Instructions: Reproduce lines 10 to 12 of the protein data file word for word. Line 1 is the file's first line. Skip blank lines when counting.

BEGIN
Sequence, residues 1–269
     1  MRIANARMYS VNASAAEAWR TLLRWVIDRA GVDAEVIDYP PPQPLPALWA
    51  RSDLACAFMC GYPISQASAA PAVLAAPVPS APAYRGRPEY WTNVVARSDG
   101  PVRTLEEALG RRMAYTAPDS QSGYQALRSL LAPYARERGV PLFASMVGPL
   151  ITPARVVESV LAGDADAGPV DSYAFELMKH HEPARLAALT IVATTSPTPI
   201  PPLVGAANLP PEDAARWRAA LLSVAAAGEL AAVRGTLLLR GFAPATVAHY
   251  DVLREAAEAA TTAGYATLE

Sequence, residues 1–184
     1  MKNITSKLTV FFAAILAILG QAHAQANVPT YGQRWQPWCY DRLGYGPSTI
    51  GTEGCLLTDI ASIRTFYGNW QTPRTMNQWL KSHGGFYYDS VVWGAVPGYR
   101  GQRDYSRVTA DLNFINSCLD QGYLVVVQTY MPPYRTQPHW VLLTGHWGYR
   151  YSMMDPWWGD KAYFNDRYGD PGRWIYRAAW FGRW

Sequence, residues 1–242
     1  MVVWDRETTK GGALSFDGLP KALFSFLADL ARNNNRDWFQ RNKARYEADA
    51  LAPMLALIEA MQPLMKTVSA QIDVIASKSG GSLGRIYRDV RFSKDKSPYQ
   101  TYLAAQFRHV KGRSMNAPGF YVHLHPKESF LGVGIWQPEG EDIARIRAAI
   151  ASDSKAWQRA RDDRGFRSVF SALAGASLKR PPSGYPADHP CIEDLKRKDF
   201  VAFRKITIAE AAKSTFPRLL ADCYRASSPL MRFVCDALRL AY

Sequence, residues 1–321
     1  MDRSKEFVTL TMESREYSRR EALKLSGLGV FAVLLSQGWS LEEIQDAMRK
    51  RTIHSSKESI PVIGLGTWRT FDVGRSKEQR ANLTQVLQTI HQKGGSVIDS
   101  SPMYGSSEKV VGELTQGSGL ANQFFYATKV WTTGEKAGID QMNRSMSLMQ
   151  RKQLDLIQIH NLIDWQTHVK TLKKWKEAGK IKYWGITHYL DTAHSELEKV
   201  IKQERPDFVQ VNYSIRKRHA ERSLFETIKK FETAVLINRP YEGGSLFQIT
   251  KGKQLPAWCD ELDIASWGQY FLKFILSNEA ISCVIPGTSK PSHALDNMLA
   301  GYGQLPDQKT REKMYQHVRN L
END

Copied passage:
    51  GTEGCLLTDI ASIRTFYGNW QTPRTMNQWL KSHGGFYYDS VVWGAVPGYR
   101  GQRDYSRVTA DLNFINSCLD QGYLVVVQTY MPPYRTQPHW VLLTGHWGYR
   151  YSMMDPWWGD KAYFNDRYGD PGRWIYRAAW FGRW